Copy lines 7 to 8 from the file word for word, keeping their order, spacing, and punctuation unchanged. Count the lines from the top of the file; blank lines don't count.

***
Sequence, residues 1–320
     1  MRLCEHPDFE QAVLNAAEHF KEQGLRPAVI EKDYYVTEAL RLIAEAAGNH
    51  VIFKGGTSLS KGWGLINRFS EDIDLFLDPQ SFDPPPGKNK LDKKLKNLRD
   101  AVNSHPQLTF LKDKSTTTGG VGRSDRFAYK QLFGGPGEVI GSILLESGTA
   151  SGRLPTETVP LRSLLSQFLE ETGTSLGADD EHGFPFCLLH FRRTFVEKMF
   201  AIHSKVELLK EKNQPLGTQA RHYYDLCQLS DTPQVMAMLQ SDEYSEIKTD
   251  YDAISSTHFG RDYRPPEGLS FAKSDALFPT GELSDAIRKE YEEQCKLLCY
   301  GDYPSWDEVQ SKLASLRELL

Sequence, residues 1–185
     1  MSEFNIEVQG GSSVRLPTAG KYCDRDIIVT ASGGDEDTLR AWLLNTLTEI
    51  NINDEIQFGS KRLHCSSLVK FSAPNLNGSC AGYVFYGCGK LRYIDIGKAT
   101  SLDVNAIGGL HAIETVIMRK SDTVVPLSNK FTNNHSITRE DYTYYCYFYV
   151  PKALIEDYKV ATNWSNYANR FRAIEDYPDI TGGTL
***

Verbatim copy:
   251  YDAISSTHFG RDYRPPEGLS FAKSDALFPT GELSDAIRKE YEEQCKLLCY
   301  GDYPSWDEVQ SKLASLRELL